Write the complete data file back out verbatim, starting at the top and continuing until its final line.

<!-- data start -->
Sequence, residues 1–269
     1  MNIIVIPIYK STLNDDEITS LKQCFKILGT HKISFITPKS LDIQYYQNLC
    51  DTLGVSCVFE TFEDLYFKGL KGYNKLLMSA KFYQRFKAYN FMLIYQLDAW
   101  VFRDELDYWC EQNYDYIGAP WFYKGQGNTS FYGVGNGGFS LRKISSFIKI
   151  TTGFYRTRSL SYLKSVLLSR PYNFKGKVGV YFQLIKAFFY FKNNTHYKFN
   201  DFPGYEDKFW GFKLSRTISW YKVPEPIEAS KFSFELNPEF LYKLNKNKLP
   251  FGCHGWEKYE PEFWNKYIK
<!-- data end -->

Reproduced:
Sequence, residues 1–269
     1  MNIIVIPIYK STLNDDEITS LKQCFKILGT HKISFITPKS LDIQYYQNLC
    51  DTLGVSCVFE TFEDLYFKGL KGYNKLLMSA KFYQRFKAYN FMLIYQLDAW
   101  VFRDELDYWC EQNYDYIGAP WFYKGQGNTS FYGVGNGGFS LRKISSFIKI
   151  TTGFYRTRSL SYLKSVLLSR PYNFKGKVGV YFQLIKAFFY FKNNTHYKFN
   201  DFPGYEDKFW GFKLSRTISW YKVPEPIEAS KFSFELNPEF LYKLNKNKLP
   251  FGCHGWEKYE PEFWNKYIK